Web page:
captain optimism, I think that's a good idea to have the testing, if only because gaps in ability are really annoying to gifted kids. My son (11 years) also has a sizable gap between language arts and math. He was just diagnosed with ASD (being specific as to type is no longer the norm, here, but he'd definitely fall more into the Asperger's end of things). Even without any other challenges, even if he was very "neurotypical", I think the gap would still have been frustrating. Problems explaining your work behind your answers in math, spelling out word problems correctly and reading word problems properly can make the "fun" class (in this case math) less fun. Also, low marks in language arts will feel even lower to a child capable of much higher grades in math and science. The more help my son got for his reading, the less anxious freaking out we got, and a way better attitude about school.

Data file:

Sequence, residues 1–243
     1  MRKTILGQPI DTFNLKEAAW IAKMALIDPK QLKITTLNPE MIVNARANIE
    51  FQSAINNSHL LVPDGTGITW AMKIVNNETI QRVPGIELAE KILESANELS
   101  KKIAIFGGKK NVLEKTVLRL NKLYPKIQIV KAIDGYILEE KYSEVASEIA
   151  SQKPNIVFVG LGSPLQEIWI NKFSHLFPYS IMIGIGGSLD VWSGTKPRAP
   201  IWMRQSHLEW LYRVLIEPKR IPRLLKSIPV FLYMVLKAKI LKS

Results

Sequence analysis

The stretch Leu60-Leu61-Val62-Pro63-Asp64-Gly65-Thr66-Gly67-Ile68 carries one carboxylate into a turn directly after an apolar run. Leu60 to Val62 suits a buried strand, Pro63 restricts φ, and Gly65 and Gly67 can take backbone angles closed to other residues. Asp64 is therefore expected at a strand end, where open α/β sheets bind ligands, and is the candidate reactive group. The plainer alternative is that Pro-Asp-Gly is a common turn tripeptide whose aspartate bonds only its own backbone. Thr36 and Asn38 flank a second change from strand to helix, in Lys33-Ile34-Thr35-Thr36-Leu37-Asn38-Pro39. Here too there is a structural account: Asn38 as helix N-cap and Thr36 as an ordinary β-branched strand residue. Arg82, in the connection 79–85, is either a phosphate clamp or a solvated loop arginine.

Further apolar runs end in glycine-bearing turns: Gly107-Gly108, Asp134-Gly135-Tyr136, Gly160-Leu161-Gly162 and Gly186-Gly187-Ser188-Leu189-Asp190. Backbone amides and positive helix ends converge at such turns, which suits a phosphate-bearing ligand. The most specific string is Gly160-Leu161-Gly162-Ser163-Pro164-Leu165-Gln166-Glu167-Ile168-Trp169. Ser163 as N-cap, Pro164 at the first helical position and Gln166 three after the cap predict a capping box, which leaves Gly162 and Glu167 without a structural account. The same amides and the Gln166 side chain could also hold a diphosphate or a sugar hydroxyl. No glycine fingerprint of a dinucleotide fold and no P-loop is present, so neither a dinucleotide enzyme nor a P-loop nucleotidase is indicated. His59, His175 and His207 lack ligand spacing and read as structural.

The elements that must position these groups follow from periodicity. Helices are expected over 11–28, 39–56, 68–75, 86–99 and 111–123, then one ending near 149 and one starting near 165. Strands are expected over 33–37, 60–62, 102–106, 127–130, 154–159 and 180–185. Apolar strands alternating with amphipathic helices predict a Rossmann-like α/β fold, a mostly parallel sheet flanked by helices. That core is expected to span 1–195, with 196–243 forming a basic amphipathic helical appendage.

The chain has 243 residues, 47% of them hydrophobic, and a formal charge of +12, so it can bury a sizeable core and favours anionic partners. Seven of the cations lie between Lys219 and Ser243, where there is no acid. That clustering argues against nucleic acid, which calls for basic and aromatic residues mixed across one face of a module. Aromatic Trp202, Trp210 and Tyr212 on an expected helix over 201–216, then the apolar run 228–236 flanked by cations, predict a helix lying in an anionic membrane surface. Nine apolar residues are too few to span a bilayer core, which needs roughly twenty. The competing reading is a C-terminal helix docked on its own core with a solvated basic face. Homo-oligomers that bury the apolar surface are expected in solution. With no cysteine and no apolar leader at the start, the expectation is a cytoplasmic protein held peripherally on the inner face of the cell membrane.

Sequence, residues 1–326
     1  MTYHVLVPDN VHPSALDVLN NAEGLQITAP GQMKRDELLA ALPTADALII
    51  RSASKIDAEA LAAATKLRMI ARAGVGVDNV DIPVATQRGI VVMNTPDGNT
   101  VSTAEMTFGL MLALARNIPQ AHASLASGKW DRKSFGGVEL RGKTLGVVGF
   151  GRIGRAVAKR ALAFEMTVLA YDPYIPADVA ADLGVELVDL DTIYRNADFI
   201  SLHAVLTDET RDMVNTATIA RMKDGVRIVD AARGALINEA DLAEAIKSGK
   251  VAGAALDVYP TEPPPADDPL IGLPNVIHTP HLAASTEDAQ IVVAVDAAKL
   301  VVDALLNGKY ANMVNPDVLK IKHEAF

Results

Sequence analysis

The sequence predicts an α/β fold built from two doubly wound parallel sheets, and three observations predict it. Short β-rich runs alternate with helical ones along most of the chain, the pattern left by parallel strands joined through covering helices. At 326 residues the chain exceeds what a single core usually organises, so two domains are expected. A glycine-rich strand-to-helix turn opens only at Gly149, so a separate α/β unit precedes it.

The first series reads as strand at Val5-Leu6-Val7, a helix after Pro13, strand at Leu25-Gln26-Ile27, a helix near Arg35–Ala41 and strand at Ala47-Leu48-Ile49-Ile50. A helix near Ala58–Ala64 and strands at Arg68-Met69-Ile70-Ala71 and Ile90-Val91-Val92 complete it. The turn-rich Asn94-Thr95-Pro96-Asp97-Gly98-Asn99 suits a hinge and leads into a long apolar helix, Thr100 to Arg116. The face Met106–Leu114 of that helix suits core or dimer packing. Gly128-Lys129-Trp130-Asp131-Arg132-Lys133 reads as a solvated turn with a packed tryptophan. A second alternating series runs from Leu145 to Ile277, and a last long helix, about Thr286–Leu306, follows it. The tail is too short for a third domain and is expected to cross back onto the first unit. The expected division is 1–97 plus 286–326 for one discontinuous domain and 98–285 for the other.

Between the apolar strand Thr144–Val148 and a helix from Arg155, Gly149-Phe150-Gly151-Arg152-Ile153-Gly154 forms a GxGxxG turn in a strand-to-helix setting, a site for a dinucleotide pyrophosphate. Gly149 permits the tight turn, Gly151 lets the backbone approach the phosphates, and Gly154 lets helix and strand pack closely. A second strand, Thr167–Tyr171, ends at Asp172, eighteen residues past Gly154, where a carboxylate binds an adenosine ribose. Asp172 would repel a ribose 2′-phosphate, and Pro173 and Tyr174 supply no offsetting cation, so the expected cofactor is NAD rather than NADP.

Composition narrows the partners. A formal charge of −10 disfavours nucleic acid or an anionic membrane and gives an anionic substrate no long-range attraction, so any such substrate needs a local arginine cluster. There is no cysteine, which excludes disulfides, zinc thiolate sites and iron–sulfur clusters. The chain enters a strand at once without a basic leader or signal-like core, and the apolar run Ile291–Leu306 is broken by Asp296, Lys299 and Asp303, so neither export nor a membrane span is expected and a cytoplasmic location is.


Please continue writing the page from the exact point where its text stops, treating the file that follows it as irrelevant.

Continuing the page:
I also suggest finding and ally amongst the teachers who enjoys "mathiness" (I love that word you made!), it doesn't have to be the classroom teacher. DS1 was very lucky to have a teacher (actually the reading recovery teacher!) who had a love for and background in math. She was rewarding the tough reading work with doing some new things in math (at the time it was algebra, he was in grade two)once it was done, and it worked spectacularly. I'm always encountering this weird attitude that enjoying math is almost pathological (and now that we do have a diagnoses I realize this might confirm it for some people) and it drives me crazy! I was one of the few girls in the national math competitions in my school, loved calculus, my uncle is a physical engineer (thermal dynamics), we have lots of scientists in the family circle, etc, so I've seen how great loving math can be. I also know that even when not 2E, mathematical thinkers aren't the norm in our society, so finding a role model who thinks somewhat the way your son does could really help!